Film directors are masters at controlling what we look at when we watch a film. However, there have been few quantitative studies of how gaze responds to cinematographic conventions thought to influence attention. We have collected and are releasing a data set designed to help investigate eye movements in response to higher level features such as faces, dialogue, camera movements, image composition, and edits. The data set, which will be released to the community, includes gaze information for 21 viewers watching 15 clips from live action 2D films, which have been hand annotated for high level features. This work has implications for the media studies, display technology, immersive reality, and human cognition.
With the development of high dynamic range images and tone mapping operators comes a need for image quality evaluation of tone mapped images. However, because of the significant difference in dynamic range between high dynamic range images and tone mapped images, conventional image quality assessment algorithms that predict distortion based on the magnitude of intensity or normalized contrast are not suitable for this task. In this paper, we present a feature-based quality metric for tone mapped images, which predicts the perceived quality by measuring the distortion in important image features that affect quality judgment. Our metric utilizes multi-exposed virtual photographs taken from the original high dynamic range images to bridge the gap between dynamic ranges in image feature analysis. By combining measures for brightness distortion, visual saliency distortion, and detail distortion in light and dark areas, the metric measures the overall perceptual distortion and assigns a score to a tone mapped image. Experiments on a subject-rated database indicate that the proposed metric is more consistent with subjective evaluation results than alternative approaches.
Advances in machine learning have produced systems that attain human-level performance on certain visual tasks, e.g., object identification. Nonetheless, other tasks requiring visual expertise are unlikely to be entrusted to machines for some time, e.g., satellite and medical imagery analysis. We describe a human-machine cooperative approach to visual search, the aim of which is to outperform either human or machine acting alone. The traditional route to augmenting human performance with automatic classifiers is to draw boxes around regions of an image deemed likely to contain a target. Human experts typically reject this type of hard highlighting. We propose instead a soft highlighting technique in which the saliency of regions of the visual field is modulated in a graded fashion based on classifier confidence level. We report on experiments with both synthetic and natural images showing that soft highlighting achieves a performance synergy surpassing that attained by hard highlighting.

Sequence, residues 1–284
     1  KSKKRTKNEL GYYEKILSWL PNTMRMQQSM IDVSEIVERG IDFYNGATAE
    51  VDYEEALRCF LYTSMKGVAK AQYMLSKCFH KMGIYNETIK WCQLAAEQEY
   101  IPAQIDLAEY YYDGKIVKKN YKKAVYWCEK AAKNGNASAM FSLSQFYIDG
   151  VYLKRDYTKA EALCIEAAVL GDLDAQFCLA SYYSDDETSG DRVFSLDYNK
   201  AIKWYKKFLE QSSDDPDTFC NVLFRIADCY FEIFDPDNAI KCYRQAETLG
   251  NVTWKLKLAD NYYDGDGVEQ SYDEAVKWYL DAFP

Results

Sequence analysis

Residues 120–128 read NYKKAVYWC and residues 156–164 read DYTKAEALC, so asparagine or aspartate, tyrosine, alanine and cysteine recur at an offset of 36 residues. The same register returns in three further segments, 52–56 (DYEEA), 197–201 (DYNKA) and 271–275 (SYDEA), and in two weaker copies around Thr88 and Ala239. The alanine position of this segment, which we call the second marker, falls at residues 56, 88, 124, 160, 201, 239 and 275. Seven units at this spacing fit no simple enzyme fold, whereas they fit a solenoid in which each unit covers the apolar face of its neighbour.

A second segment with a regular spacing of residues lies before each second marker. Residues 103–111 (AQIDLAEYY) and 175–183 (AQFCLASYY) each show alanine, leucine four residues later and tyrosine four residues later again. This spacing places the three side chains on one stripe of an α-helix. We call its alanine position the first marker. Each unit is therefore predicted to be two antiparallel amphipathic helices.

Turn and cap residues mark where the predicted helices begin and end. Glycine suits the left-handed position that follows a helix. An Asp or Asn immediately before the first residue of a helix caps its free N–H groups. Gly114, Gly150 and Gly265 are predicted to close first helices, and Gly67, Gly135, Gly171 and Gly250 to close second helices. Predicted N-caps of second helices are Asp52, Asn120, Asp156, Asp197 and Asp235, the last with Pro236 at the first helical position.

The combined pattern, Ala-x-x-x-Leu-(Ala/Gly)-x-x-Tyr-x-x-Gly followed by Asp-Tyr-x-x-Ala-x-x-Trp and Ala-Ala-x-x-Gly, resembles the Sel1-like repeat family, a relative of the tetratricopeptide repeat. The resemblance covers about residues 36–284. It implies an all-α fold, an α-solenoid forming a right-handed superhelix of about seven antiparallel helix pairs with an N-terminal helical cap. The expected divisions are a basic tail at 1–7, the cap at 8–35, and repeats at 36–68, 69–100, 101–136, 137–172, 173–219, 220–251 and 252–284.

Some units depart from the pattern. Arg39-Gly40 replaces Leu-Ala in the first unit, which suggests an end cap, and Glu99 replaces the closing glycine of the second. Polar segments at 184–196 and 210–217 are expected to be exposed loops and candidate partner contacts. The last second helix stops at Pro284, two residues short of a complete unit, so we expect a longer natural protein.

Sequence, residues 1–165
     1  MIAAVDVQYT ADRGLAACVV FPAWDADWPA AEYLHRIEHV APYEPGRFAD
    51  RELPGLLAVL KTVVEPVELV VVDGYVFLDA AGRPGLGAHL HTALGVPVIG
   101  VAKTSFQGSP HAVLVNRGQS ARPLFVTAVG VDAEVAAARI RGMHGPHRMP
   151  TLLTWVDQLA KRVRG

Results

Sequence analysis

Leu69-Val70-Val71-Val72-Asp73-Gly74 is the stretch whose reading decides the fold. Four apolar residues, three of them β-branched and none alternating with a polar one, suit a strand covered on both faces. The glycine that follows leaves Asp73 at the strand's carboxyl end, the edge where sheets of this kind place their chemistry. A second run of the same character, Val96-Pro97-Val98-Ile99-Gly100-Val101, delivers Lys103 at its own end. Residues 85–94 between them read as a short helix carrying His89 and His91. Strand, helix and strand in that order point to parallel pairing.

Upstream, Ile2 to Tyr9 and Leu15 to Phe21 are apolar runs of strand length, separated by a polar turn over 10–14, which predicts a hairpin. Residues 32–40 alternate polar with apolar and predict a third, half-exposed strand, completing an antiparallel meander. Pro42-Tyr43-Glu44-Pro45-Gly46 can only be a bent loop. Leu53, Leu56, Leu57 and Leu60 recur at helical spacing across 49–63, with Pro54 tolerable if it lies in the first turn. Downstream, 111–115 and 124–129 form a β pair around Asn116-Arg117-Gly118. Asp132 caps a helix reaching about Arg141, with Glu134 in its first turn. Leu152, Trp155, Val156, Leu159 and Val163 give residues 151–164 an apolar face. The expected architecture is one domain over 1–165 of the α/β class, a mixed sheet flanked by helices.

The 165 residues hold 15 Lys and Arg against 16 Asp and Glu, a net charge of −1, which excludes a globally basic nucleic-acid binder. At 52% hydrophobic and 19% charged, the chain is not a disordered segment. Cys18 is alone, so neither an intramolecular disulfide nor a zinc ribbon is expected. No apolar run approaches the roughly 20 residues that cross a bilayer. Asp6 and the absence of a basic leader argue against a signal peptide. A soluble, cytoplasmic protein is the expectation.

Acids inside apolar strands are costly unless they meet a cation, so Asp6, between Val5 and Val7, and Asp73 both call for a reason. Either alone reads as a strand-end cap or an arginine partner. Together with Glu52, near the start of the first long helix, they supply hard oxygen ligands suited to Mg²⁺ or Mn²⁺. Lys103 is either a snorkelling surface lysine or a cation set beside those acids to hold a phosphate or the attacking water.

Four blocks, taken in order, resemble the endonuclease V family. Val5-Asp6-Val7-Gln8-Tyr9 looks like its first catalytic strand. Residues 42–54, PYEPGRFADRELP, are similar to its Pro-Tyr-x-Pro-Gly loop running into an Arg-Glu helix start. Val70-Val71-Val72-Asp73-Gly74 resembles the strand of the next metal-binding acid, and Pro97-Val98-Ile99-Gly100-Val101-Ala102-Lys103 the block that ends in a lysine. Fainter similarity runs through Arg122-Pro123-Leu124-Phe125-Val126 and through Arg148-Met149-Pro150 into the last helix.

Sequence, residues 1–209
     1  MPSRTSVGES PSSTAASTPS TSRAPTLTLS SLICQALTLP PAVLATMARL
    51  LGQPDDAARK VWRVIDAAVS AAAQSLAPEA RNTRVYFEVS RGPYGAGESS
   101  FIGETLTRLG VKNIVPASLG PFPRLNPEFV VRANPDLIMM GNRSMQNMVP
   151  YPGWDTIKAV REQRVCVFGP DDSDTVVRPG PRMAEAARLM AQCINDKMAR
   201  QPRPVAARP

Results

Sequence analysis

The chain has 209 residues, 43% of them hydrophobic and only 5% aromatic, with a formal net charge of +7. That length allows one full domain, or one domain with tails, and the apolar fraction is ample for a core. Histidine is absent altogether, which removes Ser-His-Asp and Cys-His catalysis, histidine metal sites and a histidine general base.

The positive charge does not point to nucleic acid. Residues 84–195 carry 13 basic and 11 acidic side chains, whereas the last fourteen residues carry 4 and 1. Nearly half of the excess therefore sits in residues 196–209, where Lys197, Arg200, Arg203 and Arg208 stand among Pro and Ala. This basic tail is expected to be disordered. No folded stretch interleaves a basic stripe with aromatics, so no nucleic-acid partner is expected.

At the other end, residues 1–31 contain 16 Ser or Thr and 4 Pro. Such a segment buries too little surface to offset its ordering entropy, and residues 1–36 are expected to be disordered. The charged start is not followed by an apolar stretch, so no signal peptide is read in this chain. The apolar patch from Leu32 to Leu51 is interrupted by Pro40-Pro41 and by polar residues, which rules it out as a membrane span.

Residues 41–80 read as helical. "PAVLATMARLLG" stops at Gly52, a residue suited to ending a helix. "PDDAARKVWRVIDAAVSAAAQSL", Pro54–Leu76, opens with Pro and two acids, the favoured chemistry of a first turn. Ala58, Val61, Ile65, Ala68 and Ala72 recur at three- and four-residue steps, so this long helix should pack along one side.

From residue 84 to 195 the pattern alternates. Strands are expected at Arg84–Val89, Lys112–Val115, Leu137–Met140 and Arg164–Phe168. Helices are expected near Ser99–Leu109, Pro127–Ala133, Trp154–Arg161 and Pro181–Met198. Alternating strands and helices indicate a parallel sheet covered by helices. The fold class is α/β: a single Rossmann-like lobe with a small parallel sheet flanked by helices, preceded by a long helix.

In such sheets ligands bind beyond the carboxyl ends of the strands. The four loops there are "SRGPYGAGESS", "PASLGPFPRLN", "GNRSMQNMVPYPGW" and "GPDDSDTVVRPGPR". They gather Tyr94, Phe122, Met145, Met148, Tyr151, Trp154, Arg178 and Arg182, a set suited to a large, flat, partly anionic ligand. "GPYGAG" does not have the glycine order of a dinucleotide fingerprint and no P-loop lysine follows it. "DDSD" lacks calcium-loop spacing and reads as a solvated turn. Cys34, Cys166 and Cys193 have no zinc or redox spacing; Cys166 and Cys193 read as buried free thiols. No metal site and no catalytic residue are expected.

Geometric modifications of 3D digital models are commonplace for the purpose of efficient rendering or compact storage. Modifications imply visual distortions which are hard to measure numerically. They depend not only on the model itself but also on how the model is visualized. We hypothesize that the model's light environment and the way it reflects incoming light strongly influences perceived quality. Hence, we conduct a perceptual study demonstrating that the same modifications can be masked, or conversely highlighted, by different light-matter interactions. Additionally, we propose a new metric that predicts the perceived distortion of 3D modifications for a known interaction. It includes computation over the object's appearance, \ie the light emitted by its surface in any direction given a known incoming light. Despite its simplicity, this metric competes with sophisticated perceptual metrics in terms of correlation to subjective measurements
Comprehension of computer programs is daunting, due in part to clutter in the software developers visual environment and the need for frequent visual context changes. Previous research has shown that non-speech sound can be useful in understanding the run-time behavior of a program. We explore the viability and advantages of using sound to help understand the static structure of software. A novel concept for auditory display of program elements is described in which non-speech sounds indicate characteristics and relationships among a Java programs classes, interfaces, and methods. An empirical study employing this concept was used to evaluate twenty-four sighted software professionals and students performing maintenance-oriented tasks using a 2 x 2 crossover. Viability is strong for di erentiation and characterization of software entities, less so for identification. The results show no overall advantage of using sound in terms of task duration at a 5% level of significance. The results do, however, suggest that sonification can be advantageous under certain conditions. While the subjects reported enthusiasm for the idea of sonification, it was mitigated by lack of familiarity with the concept and the brittleness of the tool. Limitations of the present research include restriction to particular types of comprehension tasks, a single sound mapping, a single programming language, and limited training time, but the use of sound in program comprehension shows sucient promise for continued research.Him